The outlook for 2018/19 U.S. wheat this month is larger supplies, reduced domestic use, unchanged exports, and higher ending stocks. Wheat production is raised 7 million bushels to 1,884 million from the NASS Small Grains Summary, issued on September 28. Projected imports increased 5 million bushels to 140 million on higher-than-expected imports of spring wheat and Durum in the first quarter (June-August).
The NASS Grain Stocks report indicated a 21 percent year-to-year increase in implied disappearance for first quarter feed and residual. But record-large 2018/19 U.S. corn supplies are expected to restrain feed and residual use for the remainder of the year with the annual estimate reduced by 10 million bushels to 110 million.
Wheat exports are unchanged at 1,025 million bushels but there are offsetting by-class changes with White higher and Hard Red Winter lower. Projected ending stocks are higher at 956 million bushels but still 13 percent below last year’s revised 1,099 million.
The season-average farm price range is unchanged at the midpoint of $5.10 per bushel and the range is narrowed to $4.80 to $5.40.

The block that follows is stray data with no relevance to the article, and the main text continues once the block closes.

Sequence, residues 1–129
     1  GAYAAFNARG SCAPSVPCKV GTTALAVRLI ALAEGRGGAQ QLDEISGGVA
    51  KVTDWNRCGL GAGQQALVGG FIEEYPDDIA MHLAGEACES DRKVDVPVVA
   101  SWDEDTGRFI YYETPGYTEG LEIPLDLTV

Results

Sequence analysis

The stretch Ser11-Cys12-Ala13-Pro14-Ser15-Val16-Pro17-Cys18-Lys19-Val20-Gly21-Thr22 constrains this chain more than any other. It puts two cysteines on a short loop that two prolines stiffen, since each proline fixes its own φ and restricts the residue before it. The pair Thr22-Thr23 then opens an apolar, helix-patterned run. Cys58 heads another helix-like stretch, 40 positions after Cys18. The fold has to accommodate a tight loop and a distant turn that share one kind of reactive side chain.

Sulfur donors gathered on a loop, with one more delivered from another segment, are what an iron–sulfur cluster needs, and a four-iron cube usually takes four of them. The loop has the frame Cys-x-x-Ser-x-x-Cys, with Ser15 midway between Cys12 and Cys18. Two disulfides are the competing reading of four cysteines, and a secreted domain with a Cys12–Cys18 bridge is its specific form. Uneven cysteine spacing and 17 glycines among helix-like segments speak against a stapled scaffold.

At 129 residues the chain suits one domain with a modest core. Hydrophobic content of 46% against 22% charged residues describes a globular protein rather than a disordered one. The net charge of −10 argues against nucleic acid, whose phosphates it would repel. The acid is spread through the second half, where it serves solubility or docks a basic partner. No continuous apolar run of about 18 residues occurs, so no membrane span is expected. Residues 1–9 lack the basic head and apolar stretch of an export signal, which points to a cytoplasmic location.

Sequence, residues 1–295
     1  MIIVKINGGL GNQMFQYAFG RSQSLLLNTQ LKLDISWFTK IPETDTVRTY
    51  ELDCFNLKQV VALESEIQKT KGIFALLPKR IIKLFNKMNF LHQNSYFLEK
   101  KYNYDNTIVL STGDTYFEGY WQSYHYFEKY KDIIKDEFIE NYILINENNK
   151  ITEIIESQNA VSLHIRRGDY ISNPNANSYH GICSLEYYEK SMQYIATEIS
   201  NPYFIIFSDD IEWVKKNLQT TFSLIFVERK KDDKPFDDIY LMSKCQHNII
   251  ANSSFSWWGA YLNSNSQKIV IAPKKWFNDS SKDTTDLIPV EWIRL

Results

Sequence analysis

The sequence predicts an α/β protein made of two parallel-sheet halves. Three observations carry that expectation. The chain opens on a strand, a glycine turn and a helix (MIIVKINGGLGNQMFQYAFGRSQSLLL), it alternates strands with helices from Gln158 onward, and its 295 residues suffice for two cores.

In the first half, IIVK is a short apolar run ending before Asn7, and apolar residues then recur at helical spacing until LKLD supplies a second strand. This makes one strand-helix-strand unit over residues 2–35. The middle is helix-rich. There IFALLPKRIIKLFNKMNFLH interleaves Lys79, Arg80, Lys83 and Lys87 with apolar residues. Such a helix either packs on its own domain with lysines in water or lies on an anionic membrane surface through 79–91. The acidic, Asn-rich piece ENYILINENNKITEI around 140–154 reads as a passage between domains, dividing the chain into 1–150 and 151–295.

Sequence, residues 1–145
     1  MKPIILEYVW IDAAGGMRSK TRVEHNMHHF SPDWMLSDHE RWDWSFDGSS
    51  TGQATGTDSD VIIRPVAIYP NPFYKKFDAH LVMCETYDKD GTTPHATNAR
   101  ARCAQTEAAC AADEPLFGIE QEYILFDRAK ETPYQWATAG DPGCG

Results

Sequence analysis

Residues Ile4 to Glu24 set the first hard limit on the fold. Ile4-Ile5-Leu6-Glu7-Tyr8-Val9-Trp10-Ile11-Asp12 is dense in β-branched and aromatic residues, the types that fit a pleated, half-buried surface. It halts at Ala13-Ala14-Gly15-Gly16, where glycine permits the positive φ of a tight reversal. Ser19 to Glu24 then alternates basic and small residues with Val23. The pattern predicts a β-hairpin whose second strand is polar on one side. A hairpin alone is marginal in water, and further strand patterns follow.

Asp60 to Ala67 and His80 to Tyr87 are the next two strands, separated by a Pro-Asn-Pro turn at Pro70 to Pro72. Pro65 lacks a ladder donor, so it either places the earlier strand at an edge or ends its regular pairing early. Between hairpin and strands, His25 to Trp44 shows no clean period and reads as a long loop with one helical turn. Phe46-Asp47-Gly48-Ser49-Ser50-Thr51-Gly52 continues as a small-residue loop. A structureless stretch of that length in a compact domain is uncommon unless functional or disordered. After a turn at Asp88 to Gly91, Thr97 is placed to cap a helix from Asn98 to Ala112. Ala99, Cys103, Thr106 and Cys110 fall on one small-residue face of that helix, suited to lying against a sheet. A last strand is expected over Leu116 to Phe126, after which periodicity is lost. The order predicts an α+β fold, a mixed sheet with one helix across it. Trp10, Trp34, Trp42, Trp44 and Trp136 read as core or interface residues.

Global 2018/19 wheat supplies are reduced, primarily on lower production forecasts for Australia and Russia. Australia’s production is decreased 1.5 million tons to 18.5 million on continued dry conditions and possible frost damage. This would be Australia’s smallest production since 2007/08. Russia’s wheat production is reduced 1.0 million tons to 70.0 million on lower-than-expected yields in some spring wheat areas.
Projected global 2018/19 trade is lower, almost all on reduced Australian exports, which are down 1.0 million tons to 13.0 million. Global imports are decreased with Bangladesh, Azerbaijan, and Nigeria accounting for most of the reduction. Projected 2018/19 world consumption is fractionally lower, primarily on less use in Azerbaijan, Bangladesh, Nigeria, and the United States. Global ending stocks are reduced 1.1 million tons to 260.2 million, down 5 percent from last year’s record.